« Continue Browsing

e-mail article Print     e-mail article E-mail

NDSU Extension Service, Published July 27 2012

NDSU offers tips on how turfgrass can survive a drought

FARGO - The scorching temperatures and lack of any significant rainfall have taken a toll on most lawns in upper Midwest landscapes.

Without regular irrigation cycles and uniform coverage, most lawns have turned brown. Any green showing usually is from patches of weeds.

Even those who have watered to keep their grass green have experienced brown spots that can be attributed to one or a combination of the following:

* Heat stress because the temperatures are too high to keep the grass from going dormant

* Grub, sod webworm or other insect activity that has lowered the plant's ability to utilize the available water

* Patch diseases, which are fungal diseases that develop in the turf when the air and dew point temperature added together are equal to or greater than 150 F (For example, an air temperature of 95 F plus a dew point temperature of 74 F equals 169.)

"If the turf is to be watered, it should be done on a regular basis without any extended days of not watering," says Ron Smith, North Dakota State University Extension Service horticulturist. "If you choose not to water, then don't. Too many homeowners will begin to feel guilty and start watering after the grass turns brown but turns the water off when they see the water bill."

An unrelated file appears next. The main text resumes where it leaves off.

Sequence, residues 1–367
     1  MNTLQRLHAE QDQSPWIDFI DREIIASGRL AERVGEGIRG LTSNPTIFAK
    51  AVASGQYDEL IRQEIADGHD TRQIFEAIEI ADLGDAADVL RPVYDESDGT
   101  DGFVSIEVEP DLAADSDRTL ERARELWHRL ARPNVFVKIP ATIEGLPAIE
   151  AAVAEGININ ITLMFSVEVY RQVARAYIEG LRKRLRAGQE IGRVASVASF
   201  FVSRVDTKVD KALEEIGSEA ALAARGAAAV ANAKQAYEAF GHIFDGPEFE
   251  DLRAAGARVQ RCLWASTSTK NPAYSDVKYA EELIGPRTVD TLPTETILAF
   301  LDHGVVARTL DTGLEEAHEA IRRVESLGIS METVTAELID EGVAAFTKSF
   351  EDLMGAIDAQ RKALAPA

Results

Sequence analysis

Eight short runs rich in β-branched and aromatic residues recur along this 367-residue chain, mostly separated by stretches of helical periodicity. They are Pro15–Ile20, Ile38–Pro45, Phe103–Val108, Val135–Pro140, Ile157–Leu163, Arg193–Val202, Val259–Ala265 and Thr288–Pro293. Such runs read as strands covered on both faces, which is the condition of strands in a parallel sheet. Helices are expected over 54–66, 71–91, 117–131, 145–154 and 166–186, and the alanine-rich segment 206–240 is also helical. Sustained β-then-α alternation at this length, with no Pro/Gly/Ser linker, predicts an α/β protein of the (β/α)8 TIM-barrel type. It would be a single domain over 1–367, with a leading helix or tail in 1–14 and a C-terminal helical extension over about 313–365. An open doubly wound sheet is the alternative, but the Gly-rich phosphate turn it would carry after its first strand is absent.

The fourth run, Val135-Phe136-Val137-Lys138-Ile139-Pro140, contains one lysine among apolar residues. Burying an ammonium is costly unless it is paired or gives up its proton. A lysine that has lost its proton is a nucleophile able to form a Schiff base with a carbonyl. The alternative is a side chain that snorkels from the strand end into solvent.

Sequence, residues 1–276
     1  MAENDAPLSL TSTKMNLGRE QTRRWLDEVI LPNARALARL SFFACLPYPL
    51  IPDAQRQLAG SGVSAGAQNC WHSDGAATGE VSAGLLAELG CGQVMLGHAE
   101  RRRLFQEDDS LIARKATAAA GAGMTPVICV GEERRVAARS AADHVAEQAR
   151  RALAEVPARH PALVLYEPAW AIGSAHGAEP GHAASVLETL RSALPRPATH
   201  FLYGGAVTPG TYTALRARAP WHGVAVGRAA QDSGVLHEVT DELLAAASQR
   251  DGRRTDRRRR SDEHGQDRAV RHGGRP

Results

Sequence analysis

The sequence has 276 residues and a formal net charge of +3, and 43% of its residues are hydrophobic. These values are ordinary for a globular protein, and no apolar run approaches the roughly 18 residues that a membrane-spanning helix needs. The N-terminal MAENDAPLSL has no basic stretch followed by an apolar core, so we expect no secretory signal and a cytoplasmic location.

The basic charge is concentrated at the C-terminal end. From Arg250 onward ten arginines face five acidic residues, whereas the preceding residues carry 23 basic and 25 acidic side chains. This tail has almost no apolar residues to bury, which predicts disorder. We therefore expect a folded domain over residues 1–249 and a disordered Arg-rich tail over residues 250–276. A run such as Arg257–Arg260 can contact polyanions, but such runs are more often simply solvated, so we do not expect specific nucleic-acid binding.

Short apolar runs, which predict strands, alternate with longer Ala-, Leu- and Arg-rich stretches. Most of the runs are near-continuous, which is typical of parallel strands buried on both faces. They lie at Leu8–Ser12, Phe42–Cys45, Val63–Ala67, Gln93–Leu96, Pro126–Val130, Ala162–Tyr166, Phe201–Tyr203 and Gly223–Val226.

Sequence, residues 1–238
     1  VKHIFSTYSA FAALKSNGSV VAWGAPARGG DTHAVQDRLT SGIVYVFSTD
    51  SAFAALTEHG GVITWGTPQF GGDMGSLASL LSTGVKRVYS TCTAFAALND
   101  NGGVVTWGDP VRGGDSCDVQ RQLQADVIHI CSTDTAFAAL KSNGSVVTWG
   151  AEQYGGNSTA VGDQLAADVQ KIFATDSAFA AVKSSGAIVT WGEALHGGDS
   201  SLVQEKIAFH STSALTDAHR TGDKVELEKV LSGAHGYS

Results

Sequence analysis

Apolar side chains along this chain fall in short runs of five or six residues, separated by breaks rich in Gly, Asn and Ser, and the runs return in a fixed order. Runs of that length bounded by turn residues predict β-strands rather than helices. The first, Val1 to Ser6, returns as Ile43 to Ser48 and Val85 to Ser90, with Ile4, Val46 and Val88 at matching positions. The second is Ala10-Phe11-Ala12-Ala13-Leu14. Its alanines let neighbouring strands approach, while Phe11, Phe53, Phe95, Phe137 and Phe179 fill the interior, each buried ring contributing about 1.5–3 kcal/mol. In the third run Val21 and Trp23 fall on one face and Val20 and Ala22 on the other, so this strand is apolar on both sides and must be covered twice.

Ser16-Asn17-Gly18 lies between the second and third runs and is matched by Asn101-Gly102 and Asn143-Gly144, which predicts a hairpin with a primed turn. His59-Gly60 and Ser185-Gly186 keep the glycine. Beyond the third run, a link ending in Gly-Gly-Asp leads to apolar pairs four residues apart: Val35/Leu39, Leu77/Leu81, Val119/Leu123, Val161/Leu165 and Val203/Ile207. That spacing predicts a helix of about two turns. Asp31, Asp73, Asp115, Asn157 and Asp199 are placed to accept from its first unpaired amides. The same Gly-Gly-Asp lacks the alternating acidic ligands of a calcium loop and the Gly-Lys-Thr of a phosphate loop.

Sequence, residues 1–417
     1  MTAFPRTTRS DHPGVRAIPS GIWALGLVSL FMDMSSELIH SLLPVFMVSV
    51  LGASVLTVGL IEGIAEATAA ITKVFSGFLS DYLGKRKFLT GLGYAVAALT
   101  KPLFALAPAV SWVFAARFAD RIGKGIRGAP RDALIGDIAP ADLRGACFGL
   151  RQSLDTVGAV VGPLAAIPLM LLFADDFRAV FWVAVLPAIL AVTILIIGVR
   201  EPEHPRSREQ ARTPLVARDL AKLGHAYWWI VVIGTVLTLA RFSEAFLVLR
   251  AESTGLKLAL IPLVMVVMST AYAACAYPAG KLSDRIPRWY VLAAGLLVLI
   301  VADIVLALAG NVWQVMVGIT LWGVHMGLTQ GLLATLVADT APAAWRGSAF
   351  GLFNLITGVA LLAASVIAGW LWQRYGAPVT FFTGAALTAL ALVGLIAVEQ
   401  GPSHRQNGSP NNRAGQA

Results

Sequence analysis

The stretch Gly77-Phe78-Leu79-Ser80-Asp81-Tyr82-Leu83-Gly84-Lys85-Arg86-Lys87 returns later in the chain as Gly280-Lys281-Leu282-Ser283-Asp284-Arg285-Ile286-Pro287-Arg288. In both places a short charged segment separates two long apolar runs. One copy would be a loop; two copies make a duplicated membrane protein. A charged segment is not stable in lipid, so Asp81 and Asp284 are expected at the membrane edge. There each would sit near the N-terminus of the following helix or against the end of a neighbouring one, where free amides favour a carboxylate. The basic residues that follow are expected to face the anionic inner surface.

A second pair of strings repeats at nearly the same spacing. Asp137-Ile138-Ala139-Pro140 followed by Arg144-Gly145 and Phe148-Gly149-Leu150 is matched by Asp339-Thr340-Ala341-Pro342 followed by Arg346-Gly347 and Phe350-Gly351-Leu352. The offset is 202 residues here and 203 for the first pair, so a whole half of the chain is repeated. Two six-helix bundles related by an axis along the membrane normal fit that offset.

If a dormant turf goes more than 21 days without water from Mother Nature or an irrigation system, the turfgrass should get just one shot of water (about 0.25 inch) for about 30 minutes of run time per location on the lawn.

This will be enough to rehydrate the crown of the plant without stimulating it to begin turning green and keep it alive until the normal rain cycles return.

Dormant turf should not be mowed, Smith says. Turf that is growing should be mowed at 3 inches or higher during the cooler part of the evening.

"A herbicide application will not be effective while weeds are experiencing drought conditions," Smith says. "Any weed treatments should be delayed until fall when weather conditions are milder and the plants are moving photosynthates into the crown, roots and rhizomes. At that time, a herbicide application will be much more effective."

With the rainfall some of the region has experienced, most lawns will recover and some even may turn green again.